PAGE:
Wednesday, July 24, 2024

York County School Board Approves Budget with Potential Shortfall

The York County School Board unanimously approved the next fiscal year's operating budget Monday. (Colin Riddle/WYDaily)
The York County School Board unanimously approved the next fiscal year’s operating budget Monday. (Colin Riddle/WYDaily)

Next fiscal year’s budget for the York County School Division will make its way to the Board of Supervisors with step increases for all employees.

The School Board unanimously approved the $132 million operating budget Monday with a potential shortfall and the Capital Improvements Program in mind.

The requested budget is about a 2 percent increase to last year’s $129 million budget and includes about $2.4 million in additional revenue from the state.

It also requests about $1 million more from the county than last year, despite the county’s proposed budget including about $365,000 more for schools – a gap the school division will need to close if the county’s Board of Supervisors does not increase the contribution before the budget’s adoption in May.

Superintendent Victor Shandor’s budget originally called for an additional $1.2 million from the county, however, more revenue from the state than originally budgeted allowed the school division to reduce the request.

Shandor had earmarked the additional revenue for mandated services and about $126,000 for textbooks and materials during a work session last week.

School board member Cindy Kirschke recommended at the work session, with the board’s consensus, the school division consider using some of the additional funds to reduce their request to the county as a show of good faith in working with the Board of Supervisors to meet the county’s budget, which is proposed without any tax increases.

Shandor recommended removing the $126,000 for textbooks and materials to do so.

“I think as things progress along we should have another meeting to bring some things to the table as we know we will most likely have to come to our table to prioritize some difficult decisions to close the gap,” school board member Mark Medford said.

Medford continued to push the importance of the Capital Improvements Program as well, which has been discussed in detail during the budget process this year and is likely to see a number of reductions as proposed by County Administrator Neil Morgan and staff.

Morgan previously said the county is making reductions to the six-year capital plan in order to use more realistic figures with the county’s borrowing power based on the operating budget.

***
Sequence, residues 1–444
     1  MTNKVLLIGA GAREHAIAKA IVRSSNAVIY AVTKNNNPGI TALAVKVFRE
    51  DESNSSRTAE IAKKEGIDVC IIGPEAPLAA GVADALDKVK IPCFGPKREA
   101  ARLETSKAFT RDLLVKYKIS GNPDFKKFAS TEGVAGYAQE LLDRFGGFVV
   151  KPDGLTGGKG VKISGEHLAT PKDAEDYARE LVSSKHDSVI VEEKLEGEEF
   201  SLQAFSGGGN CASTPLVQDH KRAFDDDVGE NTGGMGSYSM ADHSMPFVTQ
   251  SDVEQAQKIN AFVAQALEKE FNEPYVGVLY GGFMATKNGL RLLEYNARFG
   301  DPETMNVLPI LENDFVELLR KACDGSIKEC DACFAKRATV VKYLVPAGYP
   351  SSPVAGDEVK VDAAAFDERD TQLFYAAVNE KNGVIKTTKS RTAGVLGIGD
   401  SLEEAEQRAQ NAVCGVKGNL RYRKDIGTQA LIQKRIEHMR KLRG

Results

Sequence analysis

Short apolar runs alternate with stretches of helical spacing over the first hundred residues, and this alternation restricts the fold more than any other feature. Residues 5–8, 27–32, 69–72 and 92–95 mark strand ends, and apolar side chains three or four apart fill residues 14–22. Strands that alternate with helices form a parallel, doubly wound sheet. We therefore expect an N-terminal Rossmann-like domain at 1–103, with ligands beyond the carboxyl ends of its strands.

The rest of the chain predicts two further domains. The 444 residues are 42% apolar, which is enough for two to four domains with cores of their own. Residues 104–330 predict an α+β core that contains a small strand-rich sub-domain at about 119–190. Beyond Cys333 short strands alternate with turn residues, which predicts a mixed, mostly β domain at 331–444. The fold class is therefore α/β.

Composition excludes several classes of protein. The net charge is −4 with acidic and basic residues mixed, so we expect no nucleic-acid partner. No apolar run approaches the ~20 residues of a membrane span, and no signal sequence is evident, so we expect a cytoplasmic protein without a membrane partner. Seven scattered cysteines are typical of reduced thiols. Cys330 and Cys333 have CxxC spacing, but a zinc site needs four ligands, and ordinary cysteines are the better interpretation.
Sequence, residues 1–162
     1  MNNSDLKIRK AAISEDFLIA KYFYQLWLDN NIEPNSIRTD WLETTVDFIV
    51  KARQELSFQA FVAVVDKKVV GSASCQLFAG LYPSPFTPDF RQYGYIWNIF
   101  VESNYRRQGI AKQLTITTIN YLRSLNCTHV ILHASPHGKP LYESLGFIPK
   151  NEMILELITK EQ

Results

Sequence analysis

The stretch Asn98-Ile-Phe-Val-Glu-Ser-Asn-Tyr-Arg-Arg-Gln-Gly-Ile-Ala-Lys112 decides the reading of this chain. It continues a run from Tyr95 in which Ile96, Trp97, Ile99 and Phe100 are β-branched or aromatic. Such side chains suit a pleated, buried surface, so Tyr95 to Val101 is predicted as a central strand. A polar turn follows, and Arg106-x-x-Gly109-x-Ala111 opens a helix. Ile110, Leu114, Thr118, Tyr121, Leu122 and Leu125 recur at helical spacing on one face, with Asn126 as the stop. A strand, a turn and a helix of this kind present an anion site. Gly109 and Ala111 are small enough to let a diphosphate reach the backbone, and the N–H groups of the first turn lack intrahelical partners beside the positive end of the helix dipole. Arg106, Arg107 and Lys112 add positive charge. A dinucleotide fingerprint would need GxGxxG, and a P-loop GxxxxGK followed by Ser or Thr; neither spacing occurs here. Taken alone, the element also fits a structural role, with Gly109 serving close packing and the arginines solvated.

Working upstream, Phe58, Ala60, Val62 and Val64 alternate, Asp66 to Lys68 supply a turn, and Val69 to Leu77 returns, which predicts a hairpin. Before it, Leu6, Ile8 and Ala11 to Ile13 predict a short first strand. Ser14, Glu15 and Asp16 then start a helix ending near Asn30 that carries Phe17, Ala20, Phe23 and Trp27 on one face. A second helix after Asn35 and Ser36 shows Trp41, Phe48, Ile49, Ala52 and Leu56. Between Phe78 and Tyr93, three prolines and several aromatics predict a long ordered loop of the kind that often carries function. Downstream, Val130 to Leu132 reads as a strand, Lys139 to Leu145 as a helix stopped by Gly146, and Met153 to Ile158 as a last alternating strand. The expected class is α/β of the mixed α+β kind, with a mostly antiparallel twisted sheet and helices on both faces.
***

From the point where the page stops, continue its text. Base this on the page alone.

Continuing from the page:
“This is the first year we’ve seen that out front as much as it’s been, and I think we need the community to realize that document is in some cases just as critical, if not more than, the operating budget that we’re going to have to go back and revisit,” Medford said.

Kirschke added it would be a good idea to see if the Board of Supervisors had any questions or additional information prior to another joint meeting in order to better discuss some of the challenges facing the school division regarding the budget and capital projects.

A surplus from Federal Impact Aid could be used to help capital projects in the next few years. The school division is expecting about $4.3 million in back payments from Federal Impact Aid at the end of the current fiscal year.

Those funds will be placed in a reserve account used as a revenue stabilization fund for the schools.

The school division has requested – and the county has proposed – using $900,000 from that fund to supplement the school’s operating budget to help offset a $950,000 reduction to Impact Aid funds next year.

About $2.6 million in additional expenses in the school division’s proposed budget are geared toward step increases in compensation for school division employees, including step raises for all eligible staff by about 2 percent on average and restoring one step for staff who have lost four steps.

The budget also includes more compensation for substitute teachers, cafeteria managers and summer maintenance and custodial workers among others.

A 5-percent increase in health insurance costs requires about $500,000 from the school to pay the employer portion, and an increase of about $748,000 for mandated services is projected, including a rate increase to the Virginia Retirement System, additional special education teachers and additional Limited English Proficiency teachers among others.

The school division proposed about $950,000 in reductions from the the current budget, including an anticipated $600,000 in attrition from retiring employees.

The Board of Supervisors will have a public hearing on the county’s proposed budget April 21, following work sessions throughout April. Scheduled adoption for the budget is May 3.

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